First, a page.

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SEOUL, South Korea—World Cup summers are always the most wonderful, and the most exciting part to watch is the group stage. When it’s first starting out, the tournament exemplifies what soccer is all about: people from entirely different backgrounds uniting over their love of the sport. It might be an overused cliché, but it’s true. Turn on the TV any day for the past week, and be faced with the most beautiful coincidences: Poland-Senegal. South Korea-Mexico. Nations that share nothing except this sport. And then there are the surprises in the early stage: Croatia beats Argentina! Mexico bests Germany! Victories that give an entire country joy to last for weeks.
But make sure the World Cup catches you outside the United States. When elsewhere the streets would be filled with watch parties and fans in jerseys, stateside you can only find indifference and ignorance—even when the U.S. has been a part of the tournament. The same attitude with which this country faces the rest of the world, with which it has decided to tear apart immigrant families and leave the UN Human Rights Council.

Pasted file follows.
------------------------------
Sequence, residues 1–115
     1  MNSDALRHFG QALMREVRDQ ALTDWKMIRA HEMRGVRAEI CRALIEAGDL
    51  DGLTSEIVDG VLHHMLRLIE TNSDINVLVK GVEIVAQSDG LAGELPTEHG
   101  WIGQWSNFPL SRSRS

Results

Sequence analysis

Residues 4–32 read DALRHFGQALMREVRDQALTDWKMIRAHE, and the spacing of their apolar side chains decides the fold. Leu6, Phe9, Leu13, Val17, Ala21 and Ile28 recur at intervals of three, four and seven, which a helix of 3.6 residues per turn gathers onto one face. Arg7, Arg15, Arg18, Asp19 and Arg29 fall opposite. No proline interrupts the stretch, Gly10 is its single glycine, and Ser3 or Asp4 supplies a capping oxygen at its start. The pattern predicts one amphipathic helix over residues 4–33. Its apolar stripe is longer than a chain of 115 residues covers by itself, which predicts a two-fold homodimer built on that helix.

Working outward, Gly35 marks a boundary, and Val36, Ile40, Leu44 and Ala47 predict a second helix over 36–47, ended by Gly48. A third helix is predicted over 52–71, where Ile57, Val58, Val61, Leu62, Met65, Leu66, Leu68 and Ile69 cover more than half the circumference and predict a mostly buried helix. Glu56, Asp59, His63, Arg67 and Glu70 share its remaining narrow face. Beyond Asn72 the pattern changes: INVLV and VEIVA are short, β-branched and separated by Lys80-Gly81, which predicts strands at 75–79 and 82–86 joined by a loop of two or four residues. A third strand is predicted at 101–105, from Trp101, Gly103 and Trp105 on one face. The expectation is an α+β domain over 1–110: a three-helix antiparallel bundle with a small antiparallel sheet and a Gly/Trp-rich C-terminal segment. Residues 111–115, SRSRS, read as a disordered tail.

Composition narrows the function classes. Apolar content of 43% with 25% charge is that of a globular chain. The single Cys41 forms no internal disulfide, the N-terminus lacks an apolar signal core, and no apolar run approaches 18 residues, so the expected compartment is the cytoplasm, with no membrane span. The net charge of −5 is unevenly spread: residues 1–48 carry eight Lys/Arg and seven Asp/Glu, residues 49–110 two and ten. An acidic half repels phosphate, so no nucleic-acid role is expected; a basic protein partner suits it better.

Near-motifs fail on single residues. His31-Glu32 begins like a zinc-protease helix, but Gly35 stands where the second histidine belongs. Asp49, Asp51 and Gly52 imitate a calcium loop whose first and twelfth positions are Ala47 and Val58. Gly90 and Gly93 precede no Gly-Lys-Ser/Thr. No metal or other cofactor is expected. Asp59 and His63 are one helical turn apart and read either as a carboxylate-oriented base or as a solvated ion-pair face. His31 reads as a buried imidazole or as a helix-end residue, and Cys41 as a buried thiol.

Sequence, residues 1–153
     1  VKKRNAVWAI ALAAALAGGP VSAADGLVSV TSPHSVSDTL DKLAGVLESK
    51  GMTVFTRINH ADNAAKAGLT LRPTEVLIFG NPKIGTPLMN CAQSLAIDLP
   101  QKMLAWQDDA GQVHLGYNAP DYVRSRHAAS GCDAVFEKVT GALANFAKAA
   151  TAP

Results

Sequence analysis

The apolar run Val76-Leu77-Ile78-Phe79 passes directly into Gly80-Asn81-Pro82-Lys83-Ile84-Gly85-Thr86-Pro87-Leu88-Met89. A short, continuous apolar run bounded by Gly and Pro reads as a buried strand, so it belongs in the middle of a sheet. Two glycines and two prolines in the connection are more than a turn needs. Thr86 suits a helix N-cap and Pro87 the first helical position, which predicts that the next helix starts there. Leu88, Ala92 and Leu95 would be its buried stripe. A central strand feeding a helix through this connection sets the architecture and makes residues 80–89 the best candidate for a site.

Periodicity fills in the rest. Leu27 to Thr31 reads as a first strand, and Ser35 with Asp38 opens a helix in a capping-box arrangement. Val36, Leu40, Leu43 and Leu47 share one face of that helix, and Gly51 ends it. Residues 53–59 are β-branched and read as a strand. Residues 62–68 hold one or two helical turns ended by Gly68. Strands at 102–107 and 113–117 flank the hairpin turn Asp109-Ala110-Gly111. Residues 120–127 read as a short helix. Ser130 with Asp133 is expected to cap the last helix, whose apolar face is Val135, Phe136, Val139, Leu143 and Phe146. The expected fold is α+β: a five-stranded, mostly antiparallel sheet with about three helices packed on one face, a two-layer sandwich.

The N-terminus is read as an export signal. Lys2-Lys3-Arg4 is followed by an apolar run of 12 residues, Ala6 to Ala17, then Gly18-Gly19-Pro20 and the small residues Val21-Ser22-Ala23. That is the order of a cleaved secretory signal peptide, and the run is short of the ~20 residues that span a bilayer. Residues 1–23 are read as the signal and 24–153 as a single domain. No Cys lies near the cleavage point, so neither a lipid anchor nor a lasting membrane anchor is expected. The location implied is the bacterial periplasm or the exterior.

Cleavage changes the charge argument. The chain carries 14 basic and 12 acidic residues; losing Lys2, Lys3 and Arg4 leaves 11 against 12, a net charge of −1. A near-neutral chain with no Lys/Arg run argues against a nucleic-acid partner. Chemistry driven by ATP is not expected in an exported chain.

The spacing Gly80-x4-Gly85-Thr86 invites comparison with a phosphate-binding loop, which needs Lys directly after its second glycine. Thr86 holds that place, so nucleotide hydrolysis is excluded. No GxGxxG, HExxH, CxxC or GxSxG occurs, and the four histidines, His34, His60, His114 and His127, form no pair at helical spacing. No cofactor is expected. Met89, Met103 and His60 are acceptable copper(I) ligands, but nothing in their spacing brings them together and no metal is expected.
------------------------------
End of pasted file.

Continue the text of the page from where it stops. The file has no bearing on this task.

I care about these random soccer matches because sometimes I feel a little bit like one of those Japan-Colombia or Serbia-Costa Rica games. I’m half Spanish and half South Korean—two countries that don’t share much except, perhaps, soccer. One of them has given me some of the most exciting moments in my life during the 2010 World Cup, and the other is filling me with surprises in my first visit ever, just this month. Two countries that I’ll always be happy to cheer for.
Carmen S. Enrique ’21, a Crimson Associate Blog Editor, lives in Eliot House.
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